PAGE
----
There is a lot of pressure to lower emissions – and for very good reason. We need to reduce our carbon footprint and ensure we take control of global warming as outlined in the Paris Agreement.
The Paris Agreement’s main aim is to increase the global response to the growing issue of climate change. This will be achieved by keeping a global temperature rise this century well below 2 degrees celsius above pre-industrial levels, and to make a real effort to limit the temperature increase even further to 1.5 degrees celsius.
Increased pressure is on vehicle manufacturers, heating appliances (including gas fires and wood burning stoves), aviation, construction and many other sectors to be cleaner, and reduce carbon footprint. But one thing appears to be overlooked in the UK – bonfires, which has come under scrutiny recently.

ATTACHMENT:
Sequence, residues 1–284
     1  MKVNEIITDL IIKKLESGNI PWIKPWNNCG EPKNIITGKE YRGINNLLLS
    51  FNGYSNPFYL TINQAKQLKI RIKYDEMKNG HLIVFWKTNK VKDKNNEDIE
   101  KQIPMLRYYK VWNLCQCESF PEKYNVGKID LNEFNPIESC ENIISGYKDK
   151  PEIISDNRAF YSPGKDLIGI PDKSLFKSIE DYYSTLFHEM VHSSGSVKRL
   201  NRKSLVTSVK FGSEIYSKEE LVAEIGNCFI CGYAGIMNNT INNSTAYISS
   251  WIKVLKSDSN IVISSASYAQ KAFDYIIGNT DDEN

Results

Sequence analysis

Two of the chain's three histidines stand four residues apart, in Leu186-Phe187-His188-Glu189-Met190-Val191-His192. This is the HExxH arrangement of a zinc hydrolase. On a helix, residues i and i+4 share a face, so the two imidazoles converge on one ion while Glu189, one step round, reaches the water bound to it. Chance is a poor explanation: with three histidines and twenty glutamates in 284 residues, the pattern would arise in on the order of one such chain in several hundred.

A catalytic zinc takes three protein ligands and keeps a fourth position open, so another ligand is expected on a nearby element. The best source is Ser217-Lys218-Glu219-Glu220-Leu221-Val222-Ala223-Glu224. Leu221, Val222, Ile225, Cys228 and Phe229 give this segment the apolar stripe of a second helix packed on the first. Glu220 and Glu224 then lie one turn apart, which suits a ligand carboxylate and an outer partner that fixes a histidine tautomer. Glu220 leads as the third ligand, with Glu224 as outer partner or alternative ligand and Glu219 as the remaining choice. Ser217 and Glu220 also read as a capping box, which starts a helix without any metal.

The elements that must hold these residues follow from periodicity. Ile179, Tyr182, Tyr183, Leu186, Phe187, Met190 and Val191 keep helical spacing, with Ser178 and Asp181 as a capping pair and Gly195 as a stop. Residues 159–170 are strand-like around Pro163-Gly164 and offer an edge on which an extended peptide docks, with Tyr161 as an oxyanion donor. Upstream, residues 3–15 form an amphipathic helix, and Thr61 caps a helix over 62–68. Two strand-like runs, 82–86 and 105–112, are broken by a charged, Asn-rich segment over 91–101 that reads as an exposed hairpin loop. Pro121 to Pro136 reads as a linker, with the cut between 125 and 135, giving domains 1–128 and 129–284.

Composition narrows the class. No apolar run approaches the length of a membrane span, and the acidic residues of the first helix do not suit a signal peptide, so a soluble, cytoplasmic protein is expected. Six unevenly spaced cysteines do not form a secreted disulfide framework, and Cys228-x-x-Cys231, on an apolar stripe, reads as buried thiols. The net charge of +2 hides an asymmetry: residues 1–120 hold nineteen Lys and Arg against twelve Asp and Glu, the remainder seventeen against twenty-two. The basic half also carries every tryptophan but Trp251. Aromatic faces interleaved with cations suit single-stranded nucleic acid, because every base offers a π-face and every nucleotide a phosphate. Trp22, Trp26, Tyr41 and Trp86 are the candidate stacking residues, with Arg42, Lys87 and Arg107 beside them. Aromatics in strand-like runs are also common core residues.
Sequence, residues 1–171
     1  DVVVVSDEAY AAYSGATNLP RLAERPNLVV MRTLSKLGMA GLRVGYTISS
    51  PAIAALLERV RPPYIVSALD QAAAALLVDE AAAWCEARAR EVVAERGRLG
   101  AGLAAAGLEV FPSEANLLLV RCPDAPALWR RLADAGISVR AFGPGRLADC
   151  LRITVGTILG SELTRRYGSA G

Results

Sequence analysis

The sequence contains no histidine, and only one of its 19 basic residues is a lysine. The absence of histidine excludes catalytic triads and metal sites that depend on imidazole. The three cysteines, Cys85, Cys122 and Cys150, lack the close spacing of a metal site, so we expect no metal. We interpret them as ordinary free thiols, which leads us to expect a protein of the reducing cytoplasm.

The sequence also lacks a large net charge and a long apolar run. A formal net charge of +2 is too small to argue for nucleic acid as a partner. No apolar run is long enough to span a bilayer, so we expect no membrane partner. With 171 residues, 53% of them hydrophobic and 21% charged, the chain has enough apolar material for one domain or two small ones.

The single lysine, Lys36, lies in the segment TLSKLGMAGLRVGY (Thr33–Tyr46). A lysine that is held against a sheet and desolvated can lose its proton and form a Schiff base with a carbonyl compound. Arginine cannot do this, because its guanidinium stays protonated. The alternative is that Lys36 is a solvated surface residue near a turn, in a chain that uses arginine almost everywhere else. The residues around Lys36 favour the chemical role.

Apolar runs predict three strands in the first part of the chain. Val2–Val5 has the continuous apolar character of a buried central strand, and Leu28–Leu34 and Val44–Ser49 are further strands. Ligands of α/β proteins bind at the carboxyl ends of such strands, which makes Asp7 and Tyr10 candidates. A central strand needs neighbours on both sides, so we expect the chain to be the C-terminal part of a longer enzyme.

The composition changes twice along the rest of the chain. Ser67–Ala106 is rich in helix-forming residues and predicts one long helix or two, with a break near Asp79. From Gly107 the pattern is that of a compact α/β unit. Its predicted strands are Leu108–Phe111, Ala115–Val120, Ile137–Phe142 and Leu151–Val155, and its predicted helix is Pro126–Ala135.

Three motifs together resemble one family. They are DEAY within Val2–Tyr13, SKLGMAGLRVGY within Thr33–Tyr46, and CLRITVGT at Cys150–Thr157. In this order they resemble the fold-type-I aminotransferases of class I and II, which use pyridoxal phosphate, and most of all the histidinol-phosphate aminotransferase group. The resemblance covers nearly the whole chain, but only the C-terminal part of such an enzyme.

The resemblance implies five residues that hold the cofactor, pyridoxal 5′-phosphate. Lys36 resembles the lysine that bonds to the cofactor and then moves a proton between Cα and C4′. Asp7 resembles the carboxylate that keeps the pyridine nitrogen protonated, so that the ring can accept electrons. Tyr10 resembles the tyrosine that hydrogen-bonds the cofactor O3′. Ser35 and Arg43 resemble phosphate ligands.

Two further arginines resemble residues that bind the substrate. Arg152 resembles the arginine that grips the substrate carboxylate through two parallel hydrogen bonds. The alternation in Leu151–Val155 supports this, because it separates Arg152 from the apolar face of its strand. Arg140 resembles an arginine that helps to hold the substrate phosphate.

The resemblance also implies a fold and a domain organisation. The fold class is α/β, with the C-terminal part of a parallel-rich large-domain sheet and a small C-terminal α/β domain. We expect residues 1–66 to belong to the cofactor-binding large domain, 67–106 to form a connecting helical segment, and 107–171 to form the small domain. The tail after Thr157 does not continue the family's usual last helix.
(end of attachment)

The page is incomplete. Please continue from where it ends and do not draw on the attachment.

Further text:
Bonfires are already illegal in Ireland, France and other EU countries. However, in the UK they’re not. According to various sources, it’s been suggested that if randomly burning garden waste and similar was banned in not just the UK but in all counties around the world, there would be a measurable difference to air quality and the fight against climate change.
So why hasn’t this happened yet? It’s possibly due to the fact it would be hard to regulate, and also due to the fact there may not be a huge amount of research to suggest the exact amount of pollution bonfires create. Either way anything, which can reduce pollution should be seen as a good thing.
More on this subject may progress in the future….